For the first time in the history of the State of Israel, synagogue doors have been padlocked shut. In the Jewish faith, the Torah, the Five Books of Moses, can only be read aloud in the presence of at least 10 adult men, known as a “minyan“. As communities are unable to congregate in prayer, worshippers are instead being encouraged to hum shortened prayers in solitude.
“This year, praying will be a time of self-reflection, where we can take comfort in our inner strength and ask ourselves questions that bring meaning to Passover,” says Rabbi Hill, a community rabbi who is based between Israel and London. “It’s an opportunity to dig deeper into the story of Passover and to reflect, in peace, on what the world is enduring today and how we can help create a new, better reality for the future.”
The lack of a physical family presence will perhaps be most poignant at the annual Seder, the ceremonial dinner on the first night of the festival in Israel (or first two elsewhere), where members of different generations pour into the dining room to read Passover texts from the Haggadah, the book that retells the Jews’ exodus from Egypt. Four cups of wine are enthusiastically drunk; the youngest child sings the Four Questions, asking why this night differs from others; the spirit of the prophet Elijah is welcomed into homes, and symbolic foods from the customary Seder plate are consumed. The room is filled with harmonic song and a feast of traditional Passover staples is served, comprising family recipes handed down through the generations.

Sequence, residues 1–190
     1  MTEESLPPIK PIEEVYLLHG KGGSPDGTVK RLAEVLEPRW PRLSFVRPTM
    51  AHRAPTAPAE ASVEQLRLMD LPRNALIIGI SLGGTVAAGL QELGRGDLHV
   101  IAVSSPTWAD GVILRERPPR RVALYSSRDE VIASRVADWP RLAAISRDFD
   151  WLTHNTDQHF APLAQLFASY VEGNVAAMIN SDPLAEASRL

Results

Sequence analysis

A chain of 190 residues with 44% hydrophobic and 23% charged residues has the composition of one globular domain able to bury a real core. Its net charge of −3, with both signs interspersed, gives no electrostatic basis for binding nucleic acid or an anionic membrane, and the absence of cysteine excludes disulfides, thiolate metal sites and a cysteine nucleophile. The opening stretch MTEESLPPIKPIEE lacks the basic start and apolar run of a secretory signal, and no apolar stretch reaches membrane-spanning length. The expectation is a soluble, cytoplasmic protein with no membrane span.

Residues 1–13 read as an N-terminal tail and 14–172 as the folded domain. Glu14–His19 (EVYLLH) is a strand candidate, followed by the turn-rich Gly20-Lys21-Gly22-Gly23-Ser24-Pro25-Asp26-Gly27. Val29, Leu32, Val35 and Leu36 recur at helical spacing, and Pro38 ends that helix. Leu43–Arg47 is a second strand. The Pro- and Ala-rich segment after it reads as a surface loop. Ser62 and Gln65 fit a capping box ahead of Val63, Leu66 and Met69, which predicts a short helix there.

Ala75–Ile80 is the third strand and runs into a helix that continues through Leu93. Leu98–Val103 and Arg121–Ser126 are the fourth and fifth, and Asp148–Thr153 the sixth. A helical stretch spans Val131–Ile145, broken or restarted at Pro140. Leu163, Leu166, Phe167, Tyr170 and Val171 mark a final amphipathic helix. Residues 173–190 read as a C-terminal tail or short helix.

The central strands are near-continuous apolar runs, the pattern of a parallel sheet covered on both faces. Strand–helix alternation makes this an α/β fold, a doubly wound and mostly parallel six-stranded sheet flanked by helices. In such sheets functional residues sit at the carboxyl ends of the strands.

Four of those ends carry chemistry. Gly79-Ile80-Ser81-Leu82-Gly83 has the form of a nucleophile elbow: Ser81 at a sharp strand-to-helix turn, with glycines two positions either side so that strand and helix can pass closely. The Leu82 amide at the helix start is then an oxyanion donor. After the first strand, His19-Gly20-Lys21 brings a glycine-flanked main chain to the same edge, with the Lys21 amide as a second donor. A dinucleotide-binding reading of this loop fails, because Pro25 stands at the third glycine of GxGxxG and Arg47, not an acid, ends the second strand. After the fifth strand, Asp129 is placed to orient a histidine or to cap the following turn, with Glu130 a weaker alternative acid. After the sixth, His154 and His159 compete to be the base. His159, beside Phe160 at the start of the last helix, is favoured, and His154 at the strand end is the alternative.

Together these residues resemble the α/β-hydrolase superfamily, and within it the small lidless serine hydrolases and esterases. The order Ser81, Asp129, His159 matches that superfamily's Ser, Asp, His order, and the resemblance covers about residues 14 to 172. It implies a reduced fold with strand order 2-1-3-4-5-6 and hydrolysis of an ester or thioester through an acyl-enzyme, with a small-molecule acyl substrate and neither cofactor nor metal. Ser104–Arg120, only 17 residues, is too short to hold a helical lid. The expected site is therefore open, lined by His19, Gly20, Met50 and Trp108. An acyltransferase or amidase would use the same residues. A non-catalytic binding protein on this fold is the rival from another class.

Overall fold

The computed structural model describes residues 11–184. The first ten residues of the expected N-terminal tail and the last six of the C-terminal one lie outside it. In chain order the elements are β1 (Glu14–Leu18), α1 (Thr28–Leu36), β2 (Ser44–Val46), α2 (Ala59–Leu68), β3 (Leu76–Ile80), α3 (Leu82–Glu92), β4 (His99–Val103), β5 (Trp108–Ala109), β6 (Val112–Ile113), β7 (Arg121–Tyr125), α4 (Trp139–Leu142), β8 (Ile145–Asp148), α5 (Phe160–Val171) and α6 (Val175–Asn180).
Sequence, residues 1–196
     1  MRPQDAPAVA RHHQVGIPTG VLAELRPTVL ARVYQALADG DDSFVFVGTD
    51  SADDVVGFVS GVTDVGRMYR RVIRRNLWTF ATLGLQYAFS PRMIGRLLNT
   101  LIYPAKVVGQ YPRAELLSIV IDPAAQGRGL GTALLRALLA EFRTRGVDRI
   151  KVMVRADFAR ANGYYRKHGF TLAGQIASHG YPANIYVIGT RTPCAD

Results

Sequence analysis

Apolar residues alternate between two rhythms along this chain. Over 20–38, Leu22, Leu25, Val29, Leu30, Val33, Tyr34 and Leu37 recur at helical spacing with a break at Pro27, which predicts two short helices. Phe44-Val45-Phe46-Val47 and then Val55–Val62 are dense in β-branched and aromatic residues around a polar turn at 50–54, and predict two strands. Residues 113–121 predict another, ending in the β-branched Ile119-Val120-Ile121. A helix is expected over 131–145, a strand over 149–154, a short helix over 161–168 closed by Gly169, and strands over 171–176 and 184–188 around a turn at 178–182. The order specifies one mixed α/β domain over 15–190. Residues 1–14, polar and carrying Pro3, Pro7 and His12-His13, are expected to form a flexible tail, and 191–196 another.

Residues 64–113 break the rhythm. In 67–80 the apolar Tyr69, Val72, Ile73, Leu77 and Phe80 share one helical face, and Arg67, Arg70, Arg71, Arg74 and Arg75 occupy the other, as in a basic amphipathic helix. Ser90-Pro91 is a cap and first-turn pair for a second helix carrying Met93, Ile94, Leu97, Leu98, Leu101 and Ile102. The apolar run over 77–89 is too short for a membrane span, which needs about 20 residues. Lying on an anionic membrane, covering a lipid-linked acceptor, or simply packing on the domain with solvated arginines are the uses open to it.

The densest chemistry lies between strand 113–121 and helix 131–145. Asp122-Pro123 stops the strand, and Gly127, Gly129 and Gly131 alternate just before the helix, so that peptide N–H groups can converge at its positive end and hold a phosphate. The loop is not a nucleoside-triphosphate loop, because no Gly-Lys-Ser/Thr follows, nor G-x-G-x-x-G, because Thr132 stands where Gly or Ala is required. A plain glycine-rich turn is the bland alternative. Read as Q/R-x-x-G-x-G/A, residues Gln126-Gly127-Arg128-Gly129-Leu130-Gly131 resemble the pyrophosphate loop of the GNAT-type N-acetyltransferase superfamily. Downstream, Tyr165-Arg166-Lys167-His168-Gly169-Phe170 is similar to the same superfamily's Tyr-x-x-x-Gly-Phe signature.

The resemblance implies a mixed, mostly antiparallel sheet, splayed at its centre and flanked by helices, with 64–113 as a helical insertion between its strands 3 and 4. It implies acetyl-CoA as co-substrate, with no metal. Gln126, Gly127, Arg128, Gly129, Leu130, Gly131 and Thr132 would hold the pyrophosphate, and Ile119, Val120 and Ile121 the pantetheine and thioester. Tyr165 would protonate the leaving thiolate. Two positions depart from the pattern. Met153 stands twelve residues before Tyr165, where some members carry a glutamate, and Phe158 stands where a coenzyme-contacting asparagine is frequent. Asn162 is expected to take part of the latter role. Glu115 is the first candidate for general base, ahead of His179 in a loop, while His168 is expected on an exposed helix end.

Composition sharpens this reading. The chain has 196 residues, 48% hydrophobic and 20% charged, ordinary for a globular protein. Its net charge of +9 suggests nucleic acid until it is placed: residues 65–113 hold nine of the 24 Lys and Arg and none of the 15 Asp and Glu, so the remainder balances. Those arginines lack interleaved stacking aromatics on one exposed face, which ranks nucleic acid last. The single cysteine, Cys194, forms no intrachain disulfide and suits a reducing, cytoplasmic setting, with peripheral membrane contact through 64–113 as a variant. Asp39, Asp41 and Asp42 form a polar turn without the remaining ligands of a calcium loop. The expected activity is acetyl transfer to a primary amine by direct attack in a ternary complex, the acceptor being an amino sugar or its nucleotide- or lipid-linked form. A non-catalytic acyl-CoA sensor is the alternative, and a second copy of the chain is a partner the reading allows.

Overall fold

“The patriarch will typically lead the Seder, and the son – figurative or literal – is encouraged to ask the father questions,” explains Rabbi Hill. “But without the usual support systems in place, and many unable to join family and friends, rabbis are scrambling to teach the Seder proceedings to those at a loss, explaining how to ask such questions and find fulfilment in the festival.”
While secular, reform and modern Orthodox Jews are linking with family to perform virtual Seders, the ultra-Orthodox community – for whom the use of electricity is strictly banned on holy days – are unable to connect this way. “Communities can gather online an hour before sundown, to set the scene and welcome in the Seder together. During such times of fear, these connections are more important than ever,” says Rabbi Hill. “But the fact is, the only time Jewish people can break the laws of Judaism is to save lives, therefore electronic means of communication are forbidden during the holy days of Passover.”
“There’s a real feeling of sadness for many – the Seder is really enjoyable, with a packed table and everyone able and ready to immerse themselves in the spirit,” says Israel Kasnett, an Israeli journalist who lives with his wife and five children in Efrat, south of Jerusalem. “Spending time with your family is uplifting, so the situation for those unable to travel and who find themselves alone on the holiday is upsetting. There’s a real mix of emotions in the lead-up to Passover this year.”
The non-holy days – the intermediate period of Passover known as Chol HaMoed– are usually a time of celebration for families. “We always look forward to this, when the schools are closed, most of us are off work and we descend upon the parks and beaches,” says Kasnett. “This year paints a very different picture. I will be camping with the kids in our backyard. That’s as far as our holiday plans go.”
This Passover may be like no other, but just as the story teaches, with hope, there will be light at the end of the tunnel.